Sri Lanka: Peace, National Unity and Economic Development

Harold Schiffman hfsclpp at gmail.com
Thu Jan 3 14:37:16 UTC 2008


   *Peace, National Unity and Economic Development* *by Dr. A. C.
Visvalingam,
*President, Citizens' Movement for Good Governance

Economic development, aimed at helping achieve a high standard of living, is
the key goal that citizens of all countries expect their governments to
target for. When the economy prospers, people are able to buy food at
reasonable prices, and secure economical housing, hassle-free education for
their children, employment for the next generation, basic health services
and so on. Hence, normally, economic development is given top priority by
both the government and the opposition, whatever the country. However, to
make any reliable progress in this direction, the most essential condition
is- that peace, equity and the Rule of Law should prevail.

Apart from the extremist fringe, who unfortunately are the most vociferous
and effective in pressing their views on gutless governments, the various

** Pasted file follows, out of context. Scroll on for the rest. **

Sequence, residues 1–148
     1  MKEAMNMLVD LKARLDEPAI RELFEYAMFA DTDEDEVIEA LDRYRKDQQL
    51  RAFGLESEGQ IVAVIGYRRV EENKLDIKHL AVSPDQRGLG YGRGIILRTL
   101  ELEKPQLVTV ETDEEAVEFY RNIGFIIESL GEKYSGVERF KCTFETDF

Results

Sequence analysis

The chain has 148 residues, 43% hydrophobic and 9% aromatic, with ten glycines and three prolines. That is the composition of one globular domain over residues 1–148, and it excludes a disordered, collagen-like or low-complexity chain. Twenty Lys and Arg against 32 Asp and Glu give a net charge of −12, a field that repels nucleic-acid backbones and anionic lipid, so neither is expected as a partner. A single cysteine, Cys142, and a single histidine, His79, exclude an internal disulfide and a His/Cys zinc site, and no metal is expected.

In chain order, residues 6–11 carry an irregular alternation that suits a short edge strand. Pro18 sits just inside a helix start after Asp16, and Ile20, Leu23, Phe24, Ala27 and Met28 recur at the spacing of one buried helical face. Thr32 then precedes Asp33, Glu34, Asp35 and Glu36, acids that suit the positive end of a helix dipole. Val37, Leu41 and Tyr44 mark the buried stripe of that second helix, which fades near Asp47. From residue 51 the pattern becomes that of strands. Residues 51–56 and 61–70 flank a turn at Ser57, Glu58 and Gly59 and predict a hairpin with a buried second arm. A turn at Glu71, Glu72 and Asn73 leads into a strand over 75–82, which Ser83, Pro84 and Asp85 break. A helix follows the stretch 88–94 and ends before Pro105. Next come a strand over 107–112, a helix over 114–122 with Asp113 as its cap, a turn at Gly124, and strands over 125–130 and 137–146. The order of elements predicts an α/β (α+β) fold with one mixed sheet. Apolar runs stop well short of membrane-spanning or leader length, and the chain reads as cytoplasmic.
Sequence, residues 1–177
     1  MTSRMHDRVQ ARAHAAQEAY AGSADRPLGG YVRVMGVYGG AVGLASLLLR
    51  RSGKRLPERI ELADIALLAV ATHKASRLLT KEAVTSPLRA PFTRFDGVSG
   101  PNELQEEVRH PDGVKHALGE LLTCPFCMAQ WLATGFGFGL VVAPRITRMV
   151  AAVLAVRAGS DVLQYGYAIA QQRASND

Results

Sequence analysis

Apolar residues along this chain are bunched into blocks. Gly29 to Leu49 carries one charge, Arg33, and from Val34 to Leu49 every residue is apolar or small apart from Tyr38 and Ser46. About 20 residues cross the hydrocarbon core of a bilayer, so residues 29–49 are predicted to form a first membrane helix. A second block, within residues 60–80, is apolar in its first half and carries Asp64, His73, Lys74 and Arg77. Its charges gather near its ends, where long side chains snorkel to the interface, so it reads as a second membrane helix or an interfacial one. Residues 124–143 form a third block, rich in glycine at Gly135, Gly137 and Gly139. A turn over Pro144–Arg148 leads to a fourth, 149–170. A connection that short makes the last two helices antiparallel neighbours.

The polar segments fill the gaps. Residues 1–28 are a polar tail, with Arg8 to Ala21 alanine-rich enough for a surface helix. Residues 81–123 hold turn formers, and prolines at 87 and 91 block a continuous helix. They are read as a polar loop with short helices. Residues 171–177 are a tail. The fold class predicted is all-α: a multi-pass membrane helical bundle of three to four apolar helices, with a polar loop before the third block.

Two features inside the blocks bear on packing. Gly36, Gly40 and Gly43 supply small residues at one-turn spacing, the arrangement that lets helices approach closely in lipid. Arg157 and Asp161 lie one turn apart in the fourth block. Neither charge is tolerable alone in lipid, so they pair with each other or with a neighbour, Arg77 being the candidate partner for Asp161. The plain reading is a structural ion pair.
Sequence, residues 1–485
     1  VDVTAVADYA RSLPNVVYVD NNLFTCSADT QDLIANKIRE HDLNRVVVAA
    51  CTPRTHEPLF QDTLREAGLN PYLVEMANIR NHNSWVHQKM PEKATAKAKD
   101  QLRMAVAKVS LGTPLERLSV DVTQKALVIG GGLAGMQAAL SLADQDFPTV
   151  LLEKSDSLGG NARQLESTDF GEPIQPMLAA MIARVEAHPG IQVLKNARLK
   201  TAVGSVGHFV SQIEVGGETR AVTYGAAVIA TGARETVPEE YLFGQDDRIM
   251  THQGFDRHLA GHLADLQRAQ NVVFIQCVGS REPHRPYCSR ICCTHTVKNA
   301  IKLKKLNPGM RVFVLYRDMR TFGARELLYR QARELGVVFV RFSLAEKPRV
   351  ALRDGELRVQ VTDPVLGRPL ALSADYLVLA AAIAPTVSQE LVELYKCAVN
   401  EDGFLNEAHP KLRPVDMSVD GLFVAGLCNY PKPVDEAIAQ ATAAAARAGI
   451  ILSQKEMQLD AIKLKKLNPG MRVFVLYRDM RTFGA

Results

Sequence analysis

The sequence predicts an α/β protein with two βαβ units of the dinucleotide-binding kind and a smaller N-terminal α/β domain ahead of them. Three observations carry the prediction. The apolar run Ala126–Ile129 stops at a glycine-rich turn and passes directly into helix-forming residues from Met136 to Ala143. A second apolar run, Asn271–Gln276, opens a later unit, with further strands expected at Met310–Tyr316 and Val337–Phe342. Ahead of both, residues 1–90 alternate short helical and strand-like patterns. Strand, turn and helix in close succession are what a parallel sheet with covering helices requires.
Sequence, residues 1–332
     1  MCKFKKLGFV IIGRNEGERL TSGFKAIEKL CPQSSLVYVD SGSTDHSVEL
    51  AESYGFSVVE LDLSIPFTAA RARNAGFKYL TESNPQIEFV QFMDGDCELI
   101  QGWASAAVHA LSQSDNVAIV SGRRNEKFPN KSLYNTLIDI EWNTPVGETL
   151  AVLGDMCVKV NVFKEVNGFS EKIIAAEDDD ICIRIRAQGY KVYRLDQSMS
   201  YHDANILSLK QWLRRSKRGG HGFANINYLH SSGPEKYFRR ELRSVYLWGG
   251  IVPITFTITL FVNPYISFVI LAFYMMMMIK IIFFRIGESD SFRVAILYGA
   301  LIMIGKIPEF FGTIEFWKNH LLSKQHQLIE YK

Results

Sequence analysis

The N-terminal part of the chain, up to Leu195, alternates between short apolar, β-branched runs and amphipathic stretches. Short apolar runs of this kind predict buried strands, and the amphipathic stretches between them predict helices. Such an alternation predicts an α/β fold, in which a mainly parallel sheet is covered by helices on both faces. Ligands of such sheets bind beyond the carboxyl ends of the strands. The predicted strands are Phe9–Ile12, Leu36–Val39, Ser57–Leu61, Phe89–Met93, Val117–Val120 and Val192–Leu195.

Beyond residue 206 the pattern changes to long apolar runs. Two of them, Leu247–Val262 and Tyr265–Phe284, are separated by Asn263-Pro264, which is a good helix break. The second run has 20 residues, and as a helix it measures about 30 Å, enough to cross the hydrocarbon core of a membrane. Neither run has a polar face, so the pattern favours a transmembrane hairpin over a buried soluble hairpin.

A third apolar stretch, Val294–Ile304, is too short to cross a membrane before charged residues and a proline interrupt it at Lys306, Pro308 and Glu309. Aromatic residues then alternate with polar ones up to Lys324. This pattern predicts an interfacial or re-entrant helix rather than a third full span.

polls that have been conducted from time to time show that most of our
people are united in believing that war alone will not bring peace. On the
other hand, it is also largely acknowledged that it is not realistic to call
upon a democratically-elected government (whatever the shortcomings in the
electoral process) to remain inactive whilst substantial areas of the
country are in hostile hands. In other words, the majority of the public are
not likely to agree to the government giving up its operations against the
LTTE. But the public would definitely like to see the authorities taking
much greater interest in safeguarding the human and fundamental rights of
not only those innocents who find themselves unavoidably caught up in areas
where hostile military actions are in progress, and also elsewhere,
including those so-called suspects who are arrested arbitrarily, combatants
who surrender or are captured, and even other ordinary citizens. If this is
not done, the advances made on the military front will not yield the
long-lasting benefits that the people's support and sacrifices called for.

Obviously, it would be easy to establish peace if national unity could be